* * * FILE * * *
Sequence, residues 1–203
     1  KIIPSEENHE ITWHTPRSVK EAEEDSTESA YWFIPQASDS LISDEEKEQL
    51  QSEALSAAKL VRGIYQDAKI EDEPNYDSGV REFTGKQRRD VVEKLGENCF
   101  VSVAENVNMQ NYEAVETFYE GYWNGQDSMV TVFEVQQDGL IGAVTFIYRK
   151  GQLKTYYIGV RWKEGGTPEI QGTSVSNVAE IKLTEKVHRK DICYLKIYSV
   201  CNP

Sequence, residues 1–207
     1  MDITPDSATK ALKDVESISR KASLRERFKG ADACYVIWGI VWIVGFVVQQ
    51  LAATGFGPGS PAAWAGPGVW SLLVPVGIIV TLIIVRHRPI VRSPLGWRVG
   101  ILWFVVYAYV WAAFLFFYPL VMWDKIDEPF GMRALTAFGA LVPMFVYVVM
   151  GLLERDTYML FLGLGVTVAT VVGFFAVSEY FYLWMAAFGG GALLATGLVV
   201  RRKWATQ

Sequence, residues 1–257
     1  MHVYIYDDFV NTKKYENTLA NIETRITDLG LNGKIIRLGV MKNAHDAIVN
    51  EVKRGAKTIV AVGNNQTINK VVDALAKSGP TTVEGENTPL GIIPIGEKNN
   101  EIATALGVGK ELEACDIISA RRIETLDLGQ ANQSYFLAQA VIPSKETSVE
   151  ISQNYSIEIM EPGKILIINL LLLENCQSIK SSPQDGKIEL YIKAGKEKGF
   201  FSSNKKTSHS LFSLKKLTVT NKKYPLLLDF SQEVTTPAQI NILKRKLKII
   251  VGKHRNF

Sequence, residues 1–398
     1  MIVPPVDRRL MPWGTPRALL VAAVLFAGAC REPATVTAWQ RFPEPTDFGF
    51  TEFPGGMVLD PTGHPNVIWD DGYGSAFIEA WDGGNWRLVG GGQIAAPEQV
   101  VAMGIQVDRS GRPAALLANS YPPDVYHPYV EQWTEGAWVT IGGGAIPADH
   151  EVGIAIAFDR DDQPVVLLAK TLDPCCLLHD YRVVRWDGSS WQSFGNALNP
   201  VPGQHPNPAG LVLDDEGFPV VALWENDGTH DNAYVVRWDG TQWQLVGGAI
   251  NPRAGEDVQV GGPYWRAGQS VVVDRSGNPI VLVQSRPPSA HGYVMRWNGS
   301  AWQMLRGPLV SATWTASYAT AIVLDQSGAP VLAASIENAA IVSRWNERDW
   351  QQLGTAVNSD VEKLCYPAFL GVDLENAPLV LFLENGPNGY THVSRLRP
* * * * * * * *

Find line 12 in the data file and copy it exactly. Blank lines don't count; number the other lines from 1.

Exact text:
   201  RRKWATQ